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Betfair - Get to Work on Horse Retirement

There is a hue and cry out there right now in horse retirement land. The Joe Drape story in the New York Times regarding the funding problems at the sports' largest placement farm has spawned dozens of comments. In most, there is a call for better support of horse retirement. Some jurisdictions, like here in Ontario for standardbreds, some of the cash from handle set aside for breeding has gone to horse retirement. But we are rare, not the norm.

One thing for sure - the industry will have trouble fixing this problem by itself. We have more hands out for money than perhaps any industry on the face of the earth. Everyone wants their slice. This, to me, is an opportunity for betfair.

Betfair has been trying to break into various fiefdoms, and they have been somewhat successful, because as WEG CEO Nick Eaves said at the Standardbred Wagering Summit a couple of years ago, "they have customers that want to bet there". Customers (whether our industry wants to believe it or not) = Power. With this leg up, they have been building coalitions throughout racing.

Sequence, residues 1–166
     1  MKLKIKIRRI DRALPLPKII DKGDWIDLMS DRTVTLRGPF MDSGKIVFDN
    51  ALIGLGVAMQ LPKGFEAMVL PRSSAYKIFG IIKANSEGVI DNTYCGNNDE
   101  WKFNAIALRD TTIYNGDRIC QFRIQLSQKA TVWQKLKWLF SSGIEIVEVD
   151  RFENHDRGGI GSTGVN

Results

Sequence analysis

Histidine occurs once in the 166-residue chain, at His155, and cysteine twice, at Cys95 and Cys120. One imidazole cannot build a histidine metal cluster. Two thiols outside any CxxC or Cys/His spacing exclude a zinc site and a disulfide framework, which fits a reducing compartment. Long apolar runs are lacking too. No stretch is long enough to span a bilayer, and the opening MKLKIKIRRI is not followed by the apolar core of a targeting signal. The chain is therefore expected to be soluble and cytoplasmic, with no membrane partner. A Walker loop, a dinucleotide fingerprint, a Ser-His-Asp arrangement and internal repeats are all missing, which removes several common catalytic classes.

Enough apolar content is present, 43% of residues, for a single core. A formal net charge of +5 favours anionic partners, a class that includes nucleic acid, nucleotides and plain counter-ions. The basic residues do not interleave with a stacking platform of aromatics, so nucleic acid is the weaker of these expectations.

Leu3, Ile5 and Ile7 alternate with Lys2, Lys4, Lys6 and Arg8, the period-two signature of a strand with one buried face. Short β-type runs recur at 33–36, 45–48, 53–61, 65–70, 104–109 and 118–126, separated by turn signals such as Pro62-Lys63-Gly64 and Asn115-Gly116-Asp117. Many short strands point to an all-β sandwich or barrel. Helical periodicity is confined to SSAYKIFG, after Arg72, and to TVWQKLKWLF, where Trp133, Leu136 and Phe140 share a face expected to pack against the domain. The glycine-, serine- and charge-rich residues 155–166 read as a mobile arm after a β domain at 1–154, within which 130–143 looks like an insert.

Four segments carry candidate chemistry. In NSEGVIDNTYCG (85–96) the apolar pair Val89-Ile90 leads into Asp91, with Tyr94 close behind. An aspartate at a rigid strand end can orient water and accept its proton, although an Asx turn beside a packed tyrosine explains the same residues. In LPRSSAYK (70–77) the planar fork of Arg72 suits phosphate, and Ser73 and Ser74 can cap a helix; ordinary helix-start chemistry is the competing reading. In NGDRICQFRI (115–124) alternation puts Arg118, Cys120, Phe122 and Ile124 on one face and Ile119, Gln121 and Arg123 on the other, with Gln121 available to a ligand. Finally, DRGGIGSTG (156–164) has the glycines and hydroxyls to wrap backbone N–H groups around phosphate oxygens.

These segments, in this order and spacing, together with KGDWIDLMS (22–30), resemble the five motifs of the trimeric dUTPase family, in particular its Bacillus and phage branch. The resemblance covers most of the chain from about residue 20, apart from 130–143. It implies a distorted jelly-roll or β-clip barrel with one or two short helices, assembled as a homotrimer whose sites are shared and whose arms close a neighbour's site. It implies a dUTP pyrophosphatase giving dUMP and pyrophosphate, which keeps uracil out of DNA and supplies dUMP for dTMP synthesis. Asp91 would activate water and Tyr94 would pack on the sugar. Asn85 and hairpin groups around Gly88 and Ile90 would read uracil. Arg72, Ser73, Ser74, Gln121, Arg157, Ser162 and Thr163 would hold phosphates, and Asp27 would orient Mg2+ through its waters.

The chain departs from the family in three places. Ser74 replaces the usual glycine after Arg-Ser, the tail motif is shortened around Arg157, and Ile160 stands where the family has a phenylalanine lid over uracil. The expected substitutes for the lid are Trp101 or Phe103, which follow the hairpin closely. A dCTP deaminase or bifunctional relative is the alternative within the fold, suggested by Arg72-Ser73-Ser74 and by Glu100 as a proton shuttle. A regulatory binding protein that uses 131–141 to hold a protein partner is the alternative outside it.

What sectors do they have?
  • Horseplayers: If you are a player, you love Betfair. They have lower take and a new way for you to play.
  • A TV Network that shows only one thing, horse racing
  • The ear of the industry, the quiet ones who know that what we're selling people ain't buying. You'd be surprised (despite the vitriol on industry websites) how many insiders are listening. I have spoken with some of them.
With those folks behind them you'd think they'd be alright, but the power brokers (CDI, Magna and some horsemen groups) are fighting for their slice too. They are pretty tough to overcome.

I believe one more industry sector should be added to betfair's reach - an offer to fund horse retirement farms, from some of their racetrack revenues. It's a perfect time.

If gross profit deals are constructed that are in the 25% range for betfair taking the product, I could easily see 2.5% set aside for horse retirement farms. Would this be enough to fix the problem? Clearly not, but it might wake the business up that when outsiders are there to take care of the horses they breed and race, there is a serious problem and they better get off their asses.

On the political side, how critical can those breeders and insiders be of betfair when some "UK company" steps in to take care of the horses that they're supposed to take care of?

This industry has always been political, and the status-quo old guard - through various forms of demagoguery - has perfected the tact. With a little smarts and verve, Betfair might be able to beat them at their own game.

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